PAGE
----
The classical liberal movement lost one of its strongest voices when economist Steven Horwitz passed away after a long fight with cancer on June 27, 2021.
“I still believe the world is getting better and better and more awesome. I’m just not going to see as much of it as I thought I would.”
When Horwitz spoke those words on the Free Thoughts podcast in 2019, he was about two years into his battle with multiple myeloma—a disease that ultimately took his life. He was on that podcast to talk about gratitude and the importance of remaining grateful. As an economist, Horwitz knew we have reason to be grateful. For millennia, the average person survived on the equivalent of roughly $3 per day—until around 1800, when that amount skyrocketed. But Steve’s gratitude was not so much for material things but for his own life. This gratitude was exemplified in the happy-warrior spirit that he brought not only to debates about public affairs and economics but also to his battle with cancer.
Horwitz passed away at the age of 57. Yet he lived a full and meaningful life, sharing his exuberance and intelligence with his family, friends, students, and readers across the country.
Born Feb. 7, 1964, Steve Horwitz was raised in the suburbs of Detroit, Mich. He earned his B.A. in economics and philosophy from his beloved University of Michigan before going on to earn an M.A. and a Ph.D. in economics from George Mason University.
He taught economics at St. Lawrence University in Canton, N.Y., from 1989 through 2016, during which time he wrote his seminal economics text Microfoundations of Macroeconomics: An Austrian Perspective, published in 2000. In 2017 he was named to the faculty of Ball State University as its Distinguished Professor of Free Enterprise in the Department of Economics and as director of the Institute for the Study of Political Economy in the Miller College of Business.
His 2015 book, Hayek’s Modern Family: Classical Liberalism and the Evolution of Social Institutions, employed a Hayekian framework to explore the family as a social institution “that perform[s] certain irreplaceable functions in society,” and offered a pointed “defense of the family as a social institution against the view that either the state or ‘the village’ is able or required to take over its irreplaceable functions.” As Acton’s Joseph Sunde noted in a 2015 review of Hayek’s Modern Family, Horwitz argues “that economic prosperity has not only changed the way many view the family (no longer as survival assets), but created more room for love, sacrifice, and investment along the way.”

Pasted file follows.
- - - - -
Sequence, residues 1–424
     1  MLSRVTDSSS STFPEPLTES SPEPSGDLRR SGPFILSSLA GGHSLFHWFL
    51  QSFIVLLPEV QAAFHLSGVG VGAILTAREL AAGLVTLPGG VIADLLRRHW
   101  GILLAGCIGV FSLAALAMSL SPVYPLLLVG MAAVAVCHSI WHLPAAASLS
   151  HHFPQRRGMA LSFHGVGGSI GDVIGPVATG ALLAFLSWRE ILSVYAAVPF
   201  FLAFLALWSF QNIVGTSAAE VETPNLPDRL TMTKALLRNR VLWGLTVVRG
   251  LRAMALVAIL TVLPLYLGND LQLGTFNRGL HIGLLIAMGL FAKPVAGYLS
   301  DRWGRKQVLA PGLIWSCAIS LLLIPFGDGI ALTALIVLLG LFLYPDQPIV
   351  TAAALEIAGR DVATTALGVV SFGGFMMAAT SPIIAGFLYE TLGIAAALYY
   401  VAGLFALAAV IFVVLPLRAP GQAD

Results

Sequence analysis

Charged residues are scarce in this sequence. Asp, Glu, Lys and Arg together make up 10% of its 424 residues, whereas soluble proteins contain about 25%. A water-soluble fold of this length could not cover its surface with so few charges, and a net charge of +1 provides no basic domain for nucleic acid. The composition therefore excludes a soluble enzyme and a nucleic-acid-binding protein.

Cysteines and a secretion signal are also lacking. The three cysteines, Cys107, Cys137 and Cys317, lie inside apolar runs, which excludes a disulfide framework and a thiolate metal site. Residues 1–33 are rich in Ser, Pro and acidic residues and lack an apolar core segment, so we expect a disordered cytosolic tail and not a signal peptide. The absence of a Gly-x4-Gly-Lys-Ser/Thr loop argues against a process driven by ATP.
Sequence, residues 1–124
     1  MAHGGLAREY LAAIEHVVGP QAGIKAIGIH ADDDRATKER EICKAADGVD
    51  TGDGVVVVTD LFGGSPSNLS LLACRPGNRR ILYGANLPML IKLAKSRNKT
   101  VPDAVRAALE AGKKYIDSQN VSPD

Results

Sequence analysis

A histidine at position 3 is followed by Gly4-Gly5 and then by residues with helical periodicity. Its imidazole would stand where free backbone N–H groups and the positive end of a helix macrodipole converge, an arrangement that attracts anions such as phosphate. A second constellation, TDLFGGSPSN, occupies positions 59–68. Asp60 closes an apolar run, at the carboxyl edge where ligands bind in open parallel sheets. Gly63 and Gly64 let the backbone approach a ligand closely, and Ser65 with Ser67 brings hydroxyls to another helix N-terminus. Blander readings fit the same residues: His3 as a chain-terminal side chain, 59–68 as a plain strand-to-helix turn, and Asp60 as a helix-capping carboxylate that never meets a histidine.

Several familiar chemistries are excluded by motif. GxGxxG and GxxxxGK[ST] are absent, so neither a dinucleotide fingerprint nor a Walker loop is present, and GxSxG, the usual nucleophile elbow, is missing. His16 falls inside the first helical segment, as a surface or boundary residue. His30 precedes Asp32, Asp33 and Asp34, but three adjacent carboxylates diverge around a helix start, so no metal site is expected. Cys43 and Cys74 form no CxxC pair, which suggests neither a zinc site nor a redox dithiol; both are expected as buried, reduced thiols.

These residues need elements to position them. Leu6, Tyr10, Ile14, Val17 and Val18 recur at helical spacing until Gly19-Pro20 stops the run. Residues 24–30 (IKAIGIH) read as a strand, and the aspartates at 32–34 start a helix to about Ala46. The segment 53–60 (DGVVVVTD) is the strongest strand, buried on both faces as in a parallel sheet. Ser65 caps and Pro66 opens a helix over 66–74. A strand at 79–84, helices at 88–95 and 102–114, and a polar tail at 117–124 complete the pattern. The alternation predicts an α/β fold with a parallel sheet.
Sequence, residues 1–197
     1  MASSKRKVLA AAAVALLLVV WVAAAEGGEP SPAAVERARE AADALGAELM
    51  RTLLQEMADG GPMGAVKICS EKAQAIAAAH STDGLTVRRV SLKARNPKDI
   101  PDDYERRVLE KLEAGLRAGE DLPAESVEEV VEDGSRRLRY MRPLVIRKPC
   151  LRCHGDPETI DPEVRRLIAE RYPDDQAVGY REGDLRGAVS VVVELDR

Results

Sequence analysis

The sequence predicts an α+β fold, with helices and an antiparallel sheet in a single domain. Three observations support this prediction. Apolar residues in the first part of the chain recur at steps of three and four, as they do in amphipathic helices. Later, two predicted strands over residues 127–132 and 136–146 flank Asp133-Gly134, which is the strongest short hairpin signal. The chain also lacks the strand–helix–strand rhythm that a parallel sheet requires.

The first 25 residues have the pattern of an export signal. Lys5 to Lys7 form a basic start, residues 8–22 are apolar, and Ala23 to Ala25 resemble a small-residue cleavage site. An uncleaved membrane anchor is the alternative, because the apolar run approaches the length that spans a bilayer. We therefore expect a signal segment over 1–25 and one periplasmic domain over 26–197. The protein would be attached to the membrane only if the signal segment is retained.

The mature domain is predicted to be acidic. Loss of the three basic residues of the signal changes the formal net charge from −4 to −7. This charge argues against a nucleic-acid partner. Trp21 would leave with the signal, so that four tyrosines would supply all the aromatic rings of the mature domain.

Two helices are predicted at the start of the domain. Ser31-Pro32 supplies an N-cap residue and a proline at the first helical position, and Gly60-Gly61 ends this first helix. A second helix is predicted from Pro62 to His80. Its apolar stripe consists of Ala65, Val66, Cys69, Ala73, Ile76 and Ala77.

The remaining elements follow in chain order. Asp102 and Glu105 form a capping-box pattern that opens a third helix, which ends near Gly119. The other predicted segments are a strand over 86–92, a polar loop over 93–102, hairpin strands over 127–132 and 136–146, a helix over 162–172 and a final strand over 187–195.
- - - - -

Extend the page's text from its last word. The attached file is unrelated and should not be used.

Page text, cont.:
This is, as Sunde notes, an explication of the economics of love. The economics of love was exemplified in Steve’s life—his love for his family and his love of using the study of economics to instill a sense of wonder and awe in those whose lives he touched.
When asked to describe himself in an interview commemorating his 2020 Julian L. Simon Memorial Award win from the Competitive Enterprise Institute, Horwitz remarked that, “at the end of the day, I think I am a teacher.” Steve as teacher shone through what could be the easily dismissed space of social media. As Tarnell Brown wrote at The Library of Economics and Liberty, Steve “believed in people, even when, no—especially when, we gave him every reason not to. That is, of course, exactly what faith is.”
Family and teaching are perhaps the only two things in life Steve loved more than the pioneering Canadian progressive rock band Rush and the Detroit Red Wings. The joy induced by the former and the of-late anguish of the less-than-competitive state of the latter he detailed often on his Facebook page, a place that, without Steve’s observations of the world around us, seems far less interesting.
And yet, were we ever tempted to think the world was getting less interesting, Steve Horwitz would be there to remind us that it’s “getting better and better and more awesome.” And we should enjoy what we get to see of it.
“If love remains/though everything is lost/we will pay the price/but we will not count the cost.” —Rush, “Bravado”